WARSAW, Poland — Prolonged-release melatonin improves sleep quality in children with autism spectrum disorder (ASD) and is associated not only with improved externalizing behaviors in kids, but also better quality of life for parents, results of a phase 3 trial and extended follow-up show.
Here at the European Psychiatric Association (EPA) 2019 Congress, investigators presented the results of two studies of pediatric prolonged-release melatonin (pedPRM; Slenyto, Neurim Pharmaceuticals).
Athanasios Maras, MD, PhD, Yulius Academy, Yulius Mental Health Organization, Barendrecht, The Netherlands, presented the initial phase 3 trial results that showed that pedPRM was associated with significantly improved sleep from baseline compared with placebo.
The drug was also associated with a threefold improvement in externalizing behavior scores among the children, as well as significant improvements in parental quality of life and satisfaction with their child’s sleep.
Presenting the open-label follow-up data, Carmen Schroder, MD, PhD, Department of Child and Adolescent Psychiatry, Strasbourg University Hospital, France, said children treated continuously with pedPRM had significantly longer sleep, fell asleep faster, and had longer uninterrupted sleep compared with baseline.
The improvements in parental quality of life and satisfaction with the child’s sleep also continued after the phase 3 trial and into the open-label follow-up study.
Schroder said that the two presentations demonstrated that “pediatric prolonged release melatonin is efficient not only short term but maintains its effect long term in children and adolescents with ASD and has positive effects on their caregivers.”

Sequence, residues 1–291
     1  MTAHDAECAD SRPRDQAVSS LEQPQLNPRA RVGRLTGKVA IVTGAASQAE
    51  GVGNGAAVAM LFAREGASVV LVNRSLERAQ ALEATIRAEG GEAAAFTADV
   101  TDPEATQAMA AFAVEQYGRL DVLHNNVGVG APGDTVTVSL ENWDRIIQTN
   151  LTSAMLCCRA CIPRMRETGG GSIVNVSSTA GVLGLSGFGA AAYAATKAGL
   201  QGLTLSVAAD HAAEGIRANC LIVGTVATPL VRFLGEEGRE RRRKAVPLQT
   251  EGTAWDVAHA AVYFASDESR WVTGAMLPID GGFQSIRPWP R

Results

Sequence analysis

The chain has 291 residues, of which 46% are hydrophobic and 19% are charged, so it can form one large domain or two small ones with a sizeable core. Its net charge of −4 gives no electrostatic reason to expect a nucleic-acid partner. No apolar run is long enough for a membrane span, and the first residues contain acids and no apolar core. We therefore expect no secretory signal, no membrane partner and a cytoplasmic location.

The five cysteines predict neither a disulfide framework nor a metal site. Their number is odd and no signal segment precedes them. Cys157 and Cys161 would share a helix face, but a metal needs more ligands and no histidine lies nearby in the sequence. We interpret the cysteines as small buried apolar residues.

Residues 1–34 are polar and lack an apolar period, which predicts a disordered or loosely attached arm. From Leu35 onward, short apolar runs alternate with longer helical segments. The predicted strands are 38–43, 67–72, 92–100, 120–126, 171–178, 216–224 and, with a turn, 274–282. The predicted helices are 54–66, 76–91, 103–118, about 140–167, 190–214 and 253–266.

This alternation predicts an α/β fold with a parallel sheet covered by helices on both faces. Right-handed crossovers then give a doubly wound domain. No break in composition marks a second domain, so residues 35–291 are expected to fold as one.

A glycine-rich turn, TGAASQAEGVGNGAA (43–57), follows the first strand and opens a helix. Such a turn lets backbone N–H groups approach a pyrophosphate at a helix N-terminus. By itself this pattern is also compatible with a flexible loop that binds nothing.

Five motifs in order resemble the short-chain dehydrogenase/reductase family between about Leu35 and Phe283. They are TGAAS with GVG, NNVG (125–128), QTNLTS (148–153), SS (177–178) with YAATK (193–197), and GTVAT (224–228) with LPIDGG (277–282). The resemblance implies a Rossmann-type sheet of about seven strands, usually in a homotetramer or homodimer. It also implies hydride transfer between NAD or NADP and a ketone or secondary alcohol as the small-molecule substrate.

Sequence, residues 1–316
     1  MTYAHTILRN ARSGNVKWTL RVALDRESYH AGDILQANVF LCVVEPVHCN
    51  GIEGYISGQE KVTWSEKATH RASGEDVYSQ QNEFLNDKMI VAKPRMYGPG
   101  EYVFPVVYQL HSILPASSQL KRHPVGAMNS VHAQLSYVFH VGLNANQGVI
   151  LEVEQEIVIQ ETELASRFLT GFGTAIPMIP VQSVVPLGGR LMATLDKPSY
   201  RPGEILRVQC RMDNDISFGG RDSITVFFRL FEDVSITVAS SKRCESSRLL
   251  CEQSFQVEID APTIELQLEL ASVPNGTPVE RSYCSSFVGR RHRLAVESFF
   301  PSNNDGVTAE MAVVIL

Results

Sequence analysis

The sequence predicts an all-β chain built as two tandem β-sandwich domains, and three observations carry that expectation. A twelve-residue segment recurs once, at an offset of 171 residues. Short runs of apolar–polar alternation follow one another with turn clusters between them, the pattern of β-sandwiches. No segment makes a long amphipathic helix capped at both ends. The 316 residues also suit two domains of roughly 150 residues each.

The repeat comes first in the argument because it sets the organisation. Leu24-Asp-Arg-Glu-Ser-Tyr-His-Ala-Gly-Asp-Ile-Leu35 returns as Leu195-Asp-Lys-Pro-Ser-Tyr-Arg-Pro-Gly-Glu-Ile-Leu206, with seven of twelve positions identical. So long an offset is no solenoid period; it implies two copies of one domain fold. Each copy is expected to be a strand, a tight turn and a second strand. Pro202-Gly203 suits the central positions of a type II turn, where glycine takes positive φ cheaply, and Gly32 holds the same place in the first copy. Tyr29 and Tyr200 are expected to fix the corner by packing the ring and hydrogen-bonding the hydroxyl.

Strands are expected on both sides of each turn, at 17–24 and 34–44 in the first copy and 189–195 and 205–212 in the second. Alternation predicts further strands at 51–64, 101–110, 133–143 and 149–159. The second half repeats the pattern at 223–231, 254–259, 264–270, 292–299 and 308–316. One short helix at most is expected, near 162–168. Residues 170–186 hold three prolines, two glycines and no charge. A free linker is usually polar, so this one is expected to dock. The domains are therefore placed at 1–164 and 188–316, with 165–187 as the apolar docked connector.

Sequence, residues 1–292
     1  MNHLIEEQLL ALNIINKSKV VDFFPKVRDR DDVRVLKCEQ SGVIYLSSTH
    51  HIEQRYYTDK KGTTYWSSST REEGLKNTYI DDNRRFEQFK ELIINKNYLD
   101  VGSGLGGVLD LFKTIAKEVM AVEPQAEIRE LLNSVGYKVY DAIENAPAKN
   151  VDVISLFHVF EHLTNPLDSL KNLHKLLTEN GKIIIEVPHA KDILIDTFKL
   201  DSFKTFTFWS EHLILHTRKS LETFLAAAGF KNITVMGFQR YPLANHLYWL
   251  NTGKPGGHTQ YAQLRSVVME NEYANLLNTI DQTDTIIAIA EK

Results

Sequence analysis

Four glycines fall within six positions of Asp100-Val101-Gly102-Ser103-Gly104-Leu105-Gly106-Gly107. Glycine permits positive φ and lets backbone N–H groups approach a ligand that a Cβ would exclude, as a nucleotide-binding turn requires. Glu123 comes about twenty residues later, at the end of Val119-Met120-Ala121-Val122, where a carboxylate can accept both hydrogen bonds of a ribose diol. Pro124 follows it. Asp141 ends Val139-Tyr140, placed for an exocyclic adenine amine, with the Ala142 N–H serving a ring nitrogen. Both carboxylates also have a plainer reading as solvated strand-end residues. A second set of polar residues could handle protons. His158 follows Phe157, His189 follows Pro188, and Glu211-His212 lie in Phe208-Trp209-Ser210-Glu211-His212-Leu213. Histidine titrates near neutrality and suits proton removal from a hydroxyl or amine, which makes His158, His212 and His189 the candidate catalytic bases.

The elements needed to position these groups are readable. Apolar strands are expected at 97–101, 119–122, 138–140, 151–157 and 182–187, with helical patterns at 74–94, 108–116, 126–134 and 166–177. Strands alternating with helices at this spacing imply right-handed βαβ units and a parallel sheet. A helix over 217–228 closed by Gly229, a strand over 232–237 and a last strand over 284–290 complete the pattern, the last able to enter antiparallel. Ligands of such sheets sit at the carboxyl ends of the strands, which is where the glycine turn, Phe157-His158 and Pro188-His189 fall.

Maras began his presentation by pointing out that externalizing behaviors such as hyperactivity and aggression are significantly and negatively correlated with impaired sleep quality in children with ASD.
To examine the drug’s safety and efficacy, investigators conducted a randomized phase 3 multicenter trial in children with ASD and other neurodevelopmental disorders and impaired sleep that compared the active drug with placebo.
All participants switched to melatonin for a 9-month open-label phase using three different doses of the drug.
Sleep impairment was defined as 6 or less hours of continuous sleep and/or sleep latency of a half-hour or more in 60 or more nights for more than 3 months, having failed to improve with basic sleep hygiene and behavioral interventions.
After 2-week run-in phase, 125 children from 24 sites in the US and European Union were randomly assigned in a 1:1 fashion to pedPRM 2 mg for 3 weeks followed by pedPRM 2 mg or 5 mg for 10 weeks, or an equivalent placebo.
Children from both the active and control groups were then switched to open-label follow-up, in which they were given pedPRM 2 mg or 5 mg for 18 weeks, followed by a further 78 weeks of the intervention at 2 mg, 5 mg, or 10 mg doses.